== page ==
We’re excited to introduce you to media savvy, entrepreneur dietitian Andrea Miller from Ontario! Andrea owns and operates a successful private nutrition consulting practice in Whitby, Ontario, and she appears regularly in local media in Durham region as a National Media spokesperson for Dietitians of Canada. She is an excellent communicator and prides herself in skillfully communicating credible, evidence-based, nutrition information to consumers that is relatable and easy to understand. We know you’ll enjoy reading Andrea’s media experiences and will enjoy hearing her tips for your media success!
How did you get started in the media?
My first media interview was early in my career. I was working as the Family Practice Dietitian at Women’s College Hospital. One of the key reporters for City TV called me directly and asked if she could interview me for the evening news. She and her camera man came to my office and we did a short interview, of which about 30 seconds ended up on the news. This was the beginning of a long relationship with this reporter – she was great to work with! Anytime there was a nutrition related story in the news she would call me, come to my office and do a quick interview. I loved working with her. She was reliable, she edited my interviews well, and she did not take my words out of context. This was a great way to start my media experience. From there I moved on and did a season (12 episodes) on the Dini Petty show, a season on a talk show on the Women’s Network, and I participated in a documentary on menopause for Global TV that was set at Women’s College Hospital. Since I opened my private practice, I have done multiple TV appearances on my local Rogers TV station. I really enjoy working locally and the producers of the two shows that I appear on are wonderful to work with. I also frequently do radio interviews for CBC syndicated radio. This involves doing a series of 10 to 12 interviews on the same topic, set in different cities across Canada. These interviews often start early in the morning (6:00 am) and run until about 9:00 am. I like doing radio work, as I can do this from my kitchen, with a cup of tea, often in my pyjamas! I currently write a monthly nutrition column for my local newspaper. I have been doing this for over three years, now. My editor is great! He gives me lots of creative licence and if a major nutrition story hits the news, he will often give me space to write a response to the news story.
What was your most memorable interview and why?
I think my most memorable media experience was a Thanksgiving show I did on the Dini Petty Show. We did the whole show sitting around a dinner table – live with a studio audience. There was Dini, myself, a decorator, a chef, and I think a family counsellor. The show was like a big family dinner, where each guest had to talk about the dinner details that were relevant to them. My role was to talk about the recipes we choose, why we choose them, how they compared to other traditional Thanksgiving recipes (i.e., apple crisp vs. apple pie), while at the same time, actually eating the meal! It was really fun, but it took considerable effort to eat, remember my speaking points, and interact with the other guests and the audience.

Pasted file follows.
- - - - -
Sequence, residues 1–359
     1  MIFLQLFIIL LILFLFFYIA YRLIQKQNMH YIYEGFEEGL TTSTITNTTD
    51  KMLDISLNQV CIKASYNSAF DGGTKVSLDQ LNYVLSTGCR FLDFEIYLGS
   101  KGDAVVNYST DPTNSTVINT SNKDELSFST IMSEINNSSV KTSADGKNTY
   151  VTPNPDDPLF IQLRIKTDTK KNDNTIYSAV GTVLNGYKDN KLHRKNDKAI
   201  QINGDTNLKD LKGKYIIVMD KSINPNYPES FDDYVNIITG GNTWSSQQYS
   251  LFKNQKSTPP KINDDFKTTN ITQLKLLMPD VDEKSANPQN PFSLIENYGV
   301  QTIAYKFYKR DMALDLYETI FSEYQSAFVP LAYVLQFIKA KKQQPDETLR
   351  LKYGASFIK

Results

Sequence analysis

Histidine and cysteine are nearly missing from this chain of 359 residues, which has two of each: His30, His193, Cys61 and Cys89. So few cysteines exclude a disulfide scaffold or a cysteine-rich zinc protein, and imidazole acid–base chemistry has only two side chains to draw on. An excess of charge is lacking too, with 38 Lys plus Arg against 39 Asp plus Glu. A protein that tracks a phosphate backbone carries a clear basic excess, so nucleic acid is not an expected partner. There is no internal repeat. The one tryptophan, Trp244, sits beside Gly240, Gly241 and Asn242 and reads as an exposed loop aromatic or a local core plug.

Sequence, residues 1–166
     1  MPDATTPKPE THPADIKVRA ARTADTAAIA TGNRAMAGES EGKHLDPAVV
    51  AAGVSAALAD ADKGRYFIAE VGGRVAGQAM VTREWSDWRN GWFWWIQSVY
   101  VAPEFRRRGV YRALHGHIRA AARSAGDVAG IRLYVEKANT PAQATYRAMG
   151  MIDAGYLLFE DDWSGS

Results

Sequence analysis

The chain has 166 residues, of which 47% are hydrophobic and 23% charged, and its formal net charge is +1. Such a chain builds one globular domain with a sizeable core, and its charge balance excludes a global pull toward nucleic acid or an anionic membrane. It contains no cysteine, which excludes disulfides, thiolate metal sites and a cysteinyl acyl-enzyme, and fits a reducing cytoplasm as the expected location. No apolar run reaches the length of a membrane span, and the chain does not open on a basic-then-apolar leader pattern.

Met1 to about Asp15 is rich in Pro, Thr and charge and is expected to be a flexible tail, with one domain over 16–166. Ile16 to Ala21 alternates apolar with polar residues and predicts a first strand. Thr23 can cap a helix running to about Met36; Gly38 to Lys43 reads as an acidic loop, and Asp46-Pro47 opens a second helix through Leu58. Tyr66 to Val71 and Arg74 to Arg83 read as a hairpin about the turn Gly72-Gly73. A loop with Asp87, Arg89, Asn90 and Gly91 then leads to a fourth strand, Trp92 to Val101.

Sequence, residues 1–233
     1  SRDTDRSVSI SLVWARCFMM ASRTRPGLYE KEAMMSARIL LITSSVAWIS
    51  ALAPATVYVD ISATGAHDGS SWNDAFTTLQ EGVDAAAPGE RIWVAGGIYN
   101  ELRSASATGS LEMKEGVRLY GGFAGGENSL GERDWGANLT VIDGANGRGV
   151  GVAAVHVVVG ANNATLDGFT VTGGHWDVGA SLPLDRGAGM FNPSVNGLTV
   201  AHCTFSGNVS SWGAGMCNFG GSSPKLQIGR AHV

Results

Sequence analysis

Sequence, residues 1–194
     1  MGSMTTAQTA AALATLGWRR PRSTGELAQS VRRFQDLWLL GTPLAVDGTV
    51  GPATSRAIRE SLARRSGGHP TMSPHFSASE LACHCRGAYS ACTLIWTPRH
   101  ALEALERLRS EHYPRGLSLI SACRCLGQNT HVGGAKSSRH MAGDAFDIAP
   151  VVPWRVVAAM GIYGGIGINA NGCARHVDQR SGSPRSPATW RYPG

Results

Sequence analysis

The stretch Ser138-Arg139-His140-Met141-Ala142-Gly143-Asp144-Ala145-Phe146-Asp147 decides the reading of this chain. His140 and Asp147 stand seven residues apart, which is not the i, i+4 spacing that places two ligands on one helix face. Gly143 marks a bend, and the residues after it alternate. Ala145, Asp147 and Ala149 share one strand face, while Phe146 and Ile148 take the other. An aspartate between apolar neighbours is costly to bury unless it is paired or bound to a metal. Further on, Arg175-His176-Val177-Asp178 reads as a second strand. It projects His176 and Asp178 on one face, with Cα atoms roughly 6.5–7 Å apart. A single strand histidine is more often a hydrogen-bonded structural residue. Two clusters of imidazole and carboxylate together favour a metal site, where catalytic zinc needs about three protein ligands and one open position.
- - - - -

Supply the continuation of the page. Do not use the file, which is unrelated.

Have you ever experienced a “fumble” during an interview, and if so, how did you fix it/what did you learn from it?
I don’t think I have ever had a real fumble, but there have definitely been times where an interview did not go as smoothly as I would have liked. I can think of times where I was doing a food demo and I placed an item just out of reach, or I had to reach in front of the host, to pick something up – these are definitely awkward moments. I have since learned to connect with the host and the producer to go over my set up, to ensure there will be no awkward reaching for spoons or bowls .
Can you share one tip or a nugget of expert advice for dietitians who would like to work/who are working in the media?
My advice would be: prepare and practice. If you are doing a TV segment, have lots of colourful visuals, including placemats, napkins, etc. and have all of your ingredients ready to go. Run through your segment at home, time it and practice your key messages, so they sound natural and not scripted. The producers at my local TV station are great! I actually send them the talking points for my segments, including the questions the host can ask me. The producers love this, because it means less work for them. I love it, as I know what to expect and I know I am not going to be surprised with a question I have not prepared for.
A little more about Andrea:
Andrea graduated with honours from Ryerson University’s undergraduate program in human nutrition. She completed her dietetic internship at St. Michael’s Hospital in Toronto and her Master’s degree in health sciences at the University of Ontario Institute of Technology, in Oshawa. Andrea has worked in a wide range of dietetic practice settings, including Family Health Teams, Long Term Care, and Teaching and Community Hospitals. Andrea was on the Board of Directors of Dietitians of Canada from 2011-2014. She has been a co-editor for several University textbook chapters, in addition to presenting several times at the annual Dietitians of Canada National Conference. As mentioned, Andrea owns and operates a private nutrition consulting practice in Whitby, Ontario, she is a sessional instructor at the University of Ontario Institute of Technology, and she appears regularly in local media in Durham region.
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